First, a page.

I’m neither an economist nor an accountant, but I am a pastor with thoughts on loving our neighbors, praying for those who persecute us and taking advantage of vulnerable people. I leave the argument to three people who speak to the issue of student loan forgiveness better than I can:
From Mary Jacob (used with permission), Executive Director of Families Helping Families of Greater New Orleans
My final attempt to help those that don’t understand the student loan game.
Mortgage: At closing, you know exactly what you will pay back. Interest is calculated monthly. Extra payments pay down principal.
My Mortgage was $135k for a 30-year loan in 2004. Refinanced once for lower interest rates and terms. We made a couple of lump sum principal payments and the house was paid off in 2021. That’s 13 years early.
Student Loan: Interest is compounded daily. Extra payments go toward future payments, not to pay down the principal. If you don’t make a monthly payment because you are paid up in advance, your interest is still calculated daily.
I was told if I made my payments on time (I never missed a single payment nor paid late) loan would be paid off in 20 years. I won’t say the college financial aid rep lied to me. What I will say is she probably didn’t understand it herself.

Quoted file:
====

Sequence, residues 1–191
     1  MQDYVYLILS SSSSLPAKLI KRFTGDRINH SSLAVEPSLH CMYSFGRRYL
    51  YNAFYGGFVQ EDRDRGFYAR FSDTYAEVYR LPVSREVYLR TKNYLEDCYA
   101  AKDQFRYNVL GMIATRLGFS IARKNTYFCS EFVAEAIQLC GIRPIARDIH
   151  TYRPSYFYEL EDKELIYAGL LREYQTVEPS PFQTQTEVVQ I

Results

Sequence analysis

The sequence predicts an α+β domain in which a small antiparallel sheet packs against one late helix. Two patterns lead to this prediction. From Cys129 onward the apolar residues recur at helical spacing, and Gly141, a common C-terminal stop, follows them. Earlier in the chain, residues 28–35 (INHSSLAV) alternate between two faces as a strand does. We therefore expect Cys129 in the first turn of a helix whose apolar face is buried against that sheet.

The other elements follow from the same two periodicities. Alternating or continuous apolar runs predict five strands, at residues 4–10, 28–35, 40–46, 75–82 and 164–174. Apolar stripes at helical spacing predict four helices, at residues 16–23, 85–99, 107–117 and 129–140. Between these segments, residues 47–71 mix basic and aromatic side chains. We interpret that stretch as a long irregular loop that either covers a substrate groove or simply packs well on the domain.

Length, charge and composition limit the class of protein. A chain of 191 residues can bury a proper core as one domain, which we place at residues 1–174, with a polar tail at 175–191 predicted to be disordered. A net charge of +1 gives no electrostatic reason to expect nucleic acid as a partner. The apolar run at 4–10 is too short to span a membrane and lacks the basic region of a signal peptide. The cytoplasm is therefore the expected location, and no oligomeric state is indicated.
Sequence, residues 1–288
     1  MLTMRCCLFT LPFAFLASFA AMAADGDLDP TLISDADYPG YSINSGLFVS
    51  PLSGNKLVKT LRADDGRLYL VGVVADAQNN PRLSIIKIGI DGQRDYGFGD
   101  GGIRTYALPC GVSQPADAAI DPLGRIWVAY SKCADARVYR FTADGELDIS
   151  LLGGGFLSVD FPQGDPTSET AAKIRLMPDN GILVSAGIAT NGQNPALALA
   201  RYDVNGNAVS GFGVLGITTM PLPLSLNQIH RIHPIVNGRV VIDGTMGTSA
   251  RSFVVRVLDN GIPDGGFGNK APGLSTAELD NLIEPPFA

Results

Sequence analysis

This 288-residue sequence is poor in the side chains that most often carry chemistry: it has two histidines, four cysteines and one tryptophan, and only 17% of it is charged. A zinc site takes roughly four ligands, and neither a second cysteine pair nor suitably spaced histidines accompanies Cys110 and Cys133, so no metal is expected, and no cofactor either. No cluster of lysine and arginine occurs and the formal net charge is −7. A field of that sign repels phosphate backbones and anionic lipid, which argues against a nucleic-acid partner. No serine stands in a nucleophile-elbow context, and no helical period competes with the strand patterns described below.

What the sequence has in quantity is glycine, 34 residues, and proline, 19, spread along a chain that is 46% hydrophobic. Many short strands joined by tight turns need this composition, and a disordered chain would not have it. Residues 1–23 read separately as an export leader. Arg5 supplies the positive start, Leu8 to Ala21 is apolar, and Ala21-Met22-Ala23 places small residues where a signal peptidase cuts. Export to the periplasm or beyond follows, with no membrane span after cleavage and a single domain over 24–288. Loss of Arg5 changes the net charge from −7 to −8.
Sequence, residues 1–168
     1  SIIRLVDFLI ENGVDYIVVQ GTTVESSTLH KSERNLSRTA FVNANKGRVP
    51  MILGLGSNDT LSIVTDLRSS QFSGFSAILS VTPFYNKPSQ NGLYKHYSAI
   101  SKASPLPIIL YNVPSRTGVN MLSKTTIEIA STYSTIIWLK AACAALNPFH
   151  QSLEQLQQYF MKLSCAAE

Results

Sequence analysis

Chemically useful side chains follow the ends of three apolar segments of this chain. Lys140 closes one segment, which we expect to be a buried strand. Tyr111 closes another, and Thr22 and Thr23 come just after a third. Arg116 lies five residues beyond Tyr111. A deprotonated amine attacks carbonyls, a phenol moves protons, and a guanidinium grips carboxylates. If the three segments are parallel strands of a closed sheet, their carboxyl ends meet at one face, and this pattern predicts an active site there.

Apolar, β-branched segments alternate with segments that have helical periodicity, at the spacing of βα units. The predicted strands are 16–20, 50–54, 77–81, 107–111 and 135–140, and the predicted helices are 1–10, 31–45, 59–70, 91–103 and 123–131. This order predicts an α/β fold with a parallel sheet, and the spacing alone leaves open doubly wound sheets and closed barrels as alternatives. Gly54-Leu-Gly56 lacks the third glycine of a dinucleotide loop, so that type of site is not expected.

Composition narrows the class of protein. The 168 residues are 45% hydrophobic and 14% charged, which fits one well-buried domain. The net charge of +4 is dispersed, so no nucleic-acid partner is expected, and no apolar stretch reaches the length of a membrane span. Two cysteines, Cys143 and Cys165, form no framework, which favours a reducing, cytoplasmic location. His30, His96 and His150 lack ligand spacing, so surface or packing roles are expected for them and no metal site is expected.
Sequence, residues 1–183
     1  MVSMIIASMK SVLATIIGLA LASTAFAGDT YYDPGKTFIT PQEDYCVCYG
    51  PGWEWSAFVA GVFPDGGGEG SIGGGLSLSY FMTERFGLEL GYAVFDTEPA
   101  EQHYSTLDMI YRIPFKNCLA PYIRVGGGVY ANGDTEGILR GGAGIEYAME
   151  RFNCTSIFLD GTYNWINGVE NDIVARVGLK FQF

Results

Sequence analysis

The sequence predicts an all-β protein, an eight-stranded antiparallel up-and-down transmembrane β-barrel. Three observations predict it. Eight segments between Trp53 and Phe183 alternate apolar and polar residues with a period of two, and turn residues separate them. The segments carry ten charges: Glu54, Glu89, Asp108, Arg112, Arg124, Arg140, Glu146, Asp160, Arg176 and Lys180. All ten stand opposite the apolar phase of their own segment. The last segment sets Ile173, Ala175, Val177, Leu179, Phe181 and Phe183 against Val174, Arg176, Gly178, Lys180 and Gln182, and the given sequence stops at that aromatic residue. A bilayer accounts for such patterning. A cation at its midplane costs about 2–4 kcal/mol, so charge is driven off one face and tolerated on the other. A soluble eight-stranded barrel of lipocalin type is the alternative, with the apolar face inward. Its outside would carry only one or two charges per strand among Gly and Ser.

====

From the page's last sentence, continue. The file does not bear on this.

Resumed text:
I was also told about the Public Service Forgiveness. Make 10 years of payments and the rest is paid off. Well, when I applied, I was told my loans weren’t eligible.
I borrowed $45,000 in student loans
First 10 years I paid $275/month = $33,000
Next 15 years I paid $550/month = $99,000
1 final lump sum payment = $16,000
Mortgage $135k paid off in 17 years for a total of $183,000.
Student Loan $45k paid off in 25 years after making a final $16k payment for a total of $148,000.
Yes, you can say everyone should know better, but chances are you wouldn’t have known any better either.
We are told over and over that your way out of poverty is through education. Yet, the poorest, most vulnerable, first-generation college students are just happy to be living their dream and trying their hardest to escape the cycle of poverty.
What the government should do is take every penny people have paid toward interest and apply it to the principal and preferably stop charging interest. This would probably pay off many loans. At the most, the loans should be set up like a mortgage.
Anyone who reads this and doesn’t understand the system is broken doesn’t want to understand.
From Leslie Streeter, Columnist for the Baltimore Banner
Black Americans paid taxes during segregation for pools they weren’t allowed to swim in, fountains they couldn’t drink from and buses they had to ride in the back of. So…miss me with this “Why am I paying for school I didn’t go to?” At least this is about uplift, not hate.
Helping those burdened by ever mounting debt is one way to make life, liberty, and the pursuit of happiness possible for those who don’t yet have those “inalienable rights.”